“These individuals are in positions of professional and/or personal vulnerability that make it difficult for them to identify themselves publicly. They are almost all fearful of Haas’s retaliation, and based on what they have reported, we believe those fears to be well-founded.”

“The pattern that emerges from the reports we’ve received on Haas’s behavior constitutes a repeated, unethical abuse of the professional and spiritual power he has had in church music circles. Haas has allegedly targeted multiple women using techniques that abuse prevention experts identify as grooming, to create conditions in which women felt obligated to perform sexual favors in exchange for professional opportunities. His generosity, we are told, often came with a sexual price tag,” Into Account said.

“The allegations we’ve received also contain a disturbing component of spiritual manipulation. Haas reportedly focuses attention on women with past histories of abuse, then uses the vulnerabilities created by trauma to create intimacy. Multiple women have reported to us that Haas is skilled at making his targets feel spiritually affirmed, seen, and loved, with a keen understanding of how that spiritual intimacy can then be exploited sexually,” the letter added.

“Some women have described romantic relationships with Haas that felt consensual in the beginning, but were then marked by sudden, overwhelming sexual aggression from Haas, in which any resistance was met with extreme anger. Other women have described incidents that we would interpret as outright sexual battery, involving groping, forcible kissing, and aggressive, lewd propositions. The youngest victim reported to us was 19 years old at the time of the alleged sexual battery, while Haas was over 50.”

“We have no knowledge of Haas perpetrating any sexual offenses against minors, and we have no knowledge of any behavior from Haas that has led to criminal charges,” the group said.

Stephanie Krehbiel, Into Account’s executive director, told CNA June 14 that the group has heard from nearly a dozen alleged victims of Haas.

Krehbiel said the group first heard from an alleged victim of Haas through a confidential form on its website in early 2020. That contact let to reports from other alleged victims, and from people active in liturgical music circles, who had observations or concerns about Haas.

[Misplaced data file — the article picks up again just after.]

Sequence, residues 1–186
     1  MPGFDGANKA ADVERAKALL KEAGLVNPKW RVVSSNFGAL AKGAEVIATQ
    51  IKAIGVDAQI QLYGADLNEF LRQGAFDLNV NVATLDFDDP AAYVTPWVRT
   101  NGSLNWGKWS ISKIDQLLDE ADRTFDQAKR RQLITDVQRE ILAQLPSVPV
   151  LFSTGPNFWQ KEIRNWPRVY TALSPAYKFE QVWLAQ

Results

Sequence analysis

One alleged victim reportedly told Into Account that Haas had made unwanted sexual advances and forcibly kissed her during a religious education congress in Los Angeles.

According to Krehbiel, another said she met Haas as a student participant in Music Ministry Alive, a musical formation program for teenagers founded by the composer, who allegedly made inappropriate advances a few years later, when the former student was 19.

Krehbiel told CNA that her group aims to assist victims of sexual misconduct, assault, or battery. She added that because the allegations against Haas involve only adults, contacting law enforcement is “up to the discretion of the survivor.”

Into Account shared the information it had received, Krehbiel told CNA, because alleged victims hope their stories will prevent future misconduct. They hope “to take away his access to vulnerable people,” and ensure that “he is not able to continue to do this.”

Haas told CNA Sunday that he is preparing to release a statement this week, but declined to answer specific questions. As of Saturday, Haas’ page was no longer available on Facebook. 

A spokesperson for the Archdiocese of St. Paul and Minneapolis, in which Haas lives, told CNA June 14 that it too received reports about the composer.

“In November of 2018, the Archdiocese of Saint Paul and Minneapolis received two reports that Mr. Haas acted inappropriately with two adult women at a recent event in another state. Both women complained that Mr. Haas’ conduct that evening made them feel uncomfortable. Mr. Haas denied misconduct. In 1987, the Archdiocese had received a complaint alleging that David Haas had made an unwelcomed sexual advance toward a young adult woman, which he also denied,” archdiocesan spokesman Tom Halden told CNA.

“Following the 2018 complaints, the Archdiocese informed Mr. Haas that the Archdiocese would not provide him with a letter of recommendation that he had requested.”

“Furthermore, the Archdiocese advised Mr. Haas that he was not allowed to provide services at Catholic institutions in the Archdiocese without disclosure of the complaints made against him,” Halden added.